2022-11-04| Policy

CDC Unveils Updated Set of Opioid Prescription Guidelines

by Reed Slater
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After six years, the CDC released its latest updated guidelines regarding prescribing opioids for pain management. The newest guidance builds on new evidence gathered since 2016. It highlights the benefits and risks of opioid prescriptions, comparisons with non-opioid treatments, risk mitigation strategies, and, most importantly, opioid tapering and discontinuation. 

Guidance on Tapering and Discontinuing Opioids

One of the main takeaways from the new set of guidelines is the need to properly decrease dosage and taper patients off to provide tolerable opioid discontinuation. The CDC’s guidelines frequently referenced the Health and Human Services (HHS) Guide for Clinicians on the Appropriate Dosage Reduction or Discontinuation of Long-Term Opioid Analgesics. 

The HHS guide warns of the possible side effects of rapidly tapering or suddenly discontinuing opioids in physically dependent patients. Some concerns include acute withdrawal symptoms, psychological distress, and suicidal thoughts. Patients taken off prescription opioids too quickly may also search for illicit opioids to fill the void, which is very dangerous because unregulated drugs may contain unknown and hazardous substances. 

The CDC guide recommends clinicians consider altering or discontinuing opioid prescriptions when a patient asks for it, when pain management improves, if higher dosages do not provide any benefit, and for many other patient-specific reasons. The guidance also emphasizes that clinicians should consider changing the course of a prescription when the risks outweigh the benefits. For example, many other medications, like benzodiazepines, are dangerous to take alongside opioids. Certain medical conditions also pose issues with opioid use, like sleep apnea and liver and kidney disease.

Guidance on tapering from the CDC echoed that of the HHS, which recommends slow tapering for most patients. The HHS said that the longer a patient uses opioids, the longer the tapering may take. Depending on the duration of a patient’s opioid use and their current dosage, tapering can take months or even years when diminishing doses at 10% or slower each month.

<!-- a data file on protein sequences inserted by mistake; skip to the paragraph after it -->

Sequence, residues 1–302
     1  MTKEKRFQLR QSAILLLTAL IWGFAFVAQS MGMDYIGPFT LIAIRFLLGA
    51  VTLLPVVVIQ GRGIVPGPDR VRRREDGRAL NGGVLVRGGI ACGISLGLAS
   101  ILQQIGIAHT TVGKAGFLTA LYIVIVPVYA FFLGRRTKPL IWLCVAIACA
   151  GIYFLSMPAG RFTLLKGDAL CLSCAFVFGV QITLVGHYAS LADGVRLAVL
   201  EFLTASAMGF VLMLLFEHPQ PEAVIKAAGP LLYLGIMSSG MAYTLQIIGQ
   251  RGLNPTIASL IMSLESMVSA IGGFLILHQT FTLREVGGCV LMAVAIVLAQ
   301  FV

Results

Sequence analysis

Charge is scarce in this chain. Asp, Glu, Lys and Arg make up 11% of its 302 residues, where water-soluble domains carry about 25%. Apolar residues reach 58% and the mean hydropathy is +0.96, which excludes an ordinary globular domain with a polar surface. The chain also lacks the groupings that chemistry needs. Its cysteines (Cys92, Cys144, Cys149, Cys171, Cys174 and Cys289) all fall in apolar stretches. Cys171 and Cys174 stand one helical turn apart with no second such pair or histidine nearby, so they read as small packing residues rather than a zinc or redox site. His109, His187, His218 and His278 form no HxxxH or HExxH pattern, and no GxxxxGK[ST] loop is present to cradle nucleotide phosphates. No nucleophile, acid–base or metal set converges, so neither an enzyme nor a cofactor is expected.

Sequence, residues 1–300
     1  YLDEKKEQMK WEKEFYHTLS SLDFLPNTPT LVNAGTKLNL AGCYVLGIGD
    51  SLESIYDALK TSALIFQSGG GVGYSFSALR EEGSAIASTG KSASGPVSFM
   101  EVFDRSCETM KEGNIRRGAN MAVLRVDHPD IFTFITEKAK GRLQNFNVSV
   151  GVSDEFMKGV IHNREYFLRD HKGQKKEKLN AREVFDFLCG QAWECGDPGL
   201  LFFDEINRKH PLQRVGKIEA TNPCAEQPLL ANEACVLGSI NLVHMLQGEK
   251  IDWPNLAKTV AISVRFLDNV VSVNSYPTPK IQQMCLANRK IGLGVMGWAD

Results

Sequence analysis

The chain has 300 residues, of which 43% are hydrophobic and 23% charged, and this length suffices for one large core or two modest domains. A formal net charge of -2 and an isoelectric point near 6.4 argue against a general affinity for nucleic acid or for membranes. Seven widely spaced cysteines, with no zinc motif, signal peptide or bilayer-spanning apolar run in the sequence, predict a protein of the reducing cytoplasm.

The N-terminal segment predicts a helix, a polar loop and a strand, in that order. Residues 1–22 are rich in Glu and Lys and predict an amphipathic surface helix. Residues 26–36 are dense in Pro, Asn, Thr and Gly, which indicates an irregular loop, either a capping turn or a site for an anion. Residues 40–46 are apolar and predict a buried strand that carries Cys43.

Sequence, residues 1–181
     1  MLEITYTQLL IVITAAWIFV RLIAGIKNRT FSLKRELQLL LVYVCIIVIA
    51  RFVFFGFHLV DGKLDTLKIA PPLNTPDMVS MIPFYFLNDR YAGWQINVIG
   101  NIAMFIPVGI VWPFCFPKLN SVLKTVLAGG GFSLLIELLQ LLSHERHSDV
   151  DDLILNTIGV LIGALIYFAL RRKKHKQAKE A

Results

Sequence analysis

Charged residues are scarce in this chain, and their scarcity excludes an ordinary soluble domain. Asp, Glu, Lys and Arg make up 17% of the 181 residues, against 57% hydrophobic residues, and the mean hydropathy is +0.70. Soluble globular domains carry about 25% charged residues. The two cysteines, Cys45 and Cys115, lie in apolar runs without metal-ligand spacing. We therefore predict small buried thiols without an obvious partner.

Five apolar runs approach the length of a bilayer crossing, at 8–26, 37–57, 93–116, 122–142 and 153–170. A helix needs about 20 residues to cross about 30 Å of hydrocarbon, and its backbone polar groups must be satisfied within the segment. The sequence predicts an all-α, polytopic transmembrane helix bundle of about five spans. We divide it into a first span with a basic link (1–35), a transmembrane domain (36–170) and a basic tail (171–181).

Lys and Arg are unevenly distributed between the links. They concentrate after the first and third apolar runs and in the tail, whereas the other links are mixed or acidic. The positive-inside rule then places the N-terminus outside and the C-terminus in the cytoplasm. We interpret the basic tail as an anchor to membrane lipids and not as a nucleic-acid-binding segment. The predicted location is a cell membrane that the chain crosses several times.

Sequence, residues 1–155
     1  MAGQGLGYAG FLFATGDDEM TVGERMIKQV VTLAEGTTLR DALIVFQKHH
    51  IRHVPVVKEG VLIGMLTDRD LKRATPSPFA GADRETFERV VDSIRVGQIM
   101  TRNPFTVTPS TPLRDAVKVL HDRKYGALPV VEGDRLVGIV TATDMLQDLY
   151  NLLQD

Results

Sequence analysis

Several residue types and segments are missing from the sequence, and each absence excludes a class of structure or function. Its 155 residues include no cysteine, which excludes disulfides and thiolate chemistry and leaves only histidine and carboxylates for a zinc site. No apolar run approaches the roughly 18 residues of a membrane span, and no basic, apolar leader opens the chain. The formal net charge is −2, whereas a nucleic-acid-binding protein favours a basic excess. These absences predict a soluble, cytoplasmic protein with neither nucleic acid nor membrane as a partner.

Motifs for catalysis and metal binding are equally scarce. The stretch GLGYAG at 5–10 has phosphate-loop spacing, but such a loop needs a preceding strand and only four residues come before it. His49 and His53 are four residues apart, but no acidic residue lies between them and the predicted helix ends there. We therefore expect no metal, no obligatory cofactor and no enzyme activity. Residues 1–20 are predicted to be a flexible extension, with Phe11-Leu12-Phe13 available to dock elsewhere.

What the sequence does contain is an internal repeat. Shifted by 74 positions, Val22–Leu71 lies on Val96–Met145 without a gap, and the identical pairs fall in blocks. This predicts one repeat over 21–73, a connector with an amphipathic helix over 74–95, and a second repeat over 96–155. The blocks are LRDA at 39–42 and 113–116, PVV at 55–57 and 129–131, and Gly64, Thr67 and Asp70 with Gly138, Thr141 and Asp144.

Discontinuing or reducing opioid prescriptions can be difficult for both clinicians and patients, but it is a crucial consideration for the long-term safety of patients. However, tapering and discontinuing are only part of the equation when prescribing opioids. There are many other factors for clinicians to consider when administering opioid prescriptions. 

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Additional Elements for Prescribing Opioids

The CDC’s guidance focuses on pain management for acute (less than one month), subacute (one to three months), and chronic (greater than three months) pain but does not include guidance for pain management associated with sickle cell disease, cancer, or end-of-life care. 

Determining dosages and prescription durations is one of the most important preliminary steps for clinicians considering prescribing opioids. Some pertinent points from the guidance include not prescribing more than a patient may need and instead reevaluating a patient’s needs every few weeks. The CDC also said that clinicians should discuss tapering strategies with patients for short-term pain management to ensure safe discontinuation. 

For long-term opioid prescriptions for issues like trauma care, the CDC said clinicians should consistently follow up with patients to avoid escalation risks like opioid dependence and opioid use disorder. If a patient shows signs of escalation risks, the CDC urges clinicians to begin discussing tapering and discontinuation or non-opioid alternatives that may substitute opioids. 

The 100-page document details a plethora of opioid prescription considerations, building on the guidance released in 2016. The most major additions include tapering and discontinuation guidance based on new evidence collected since the last update. 

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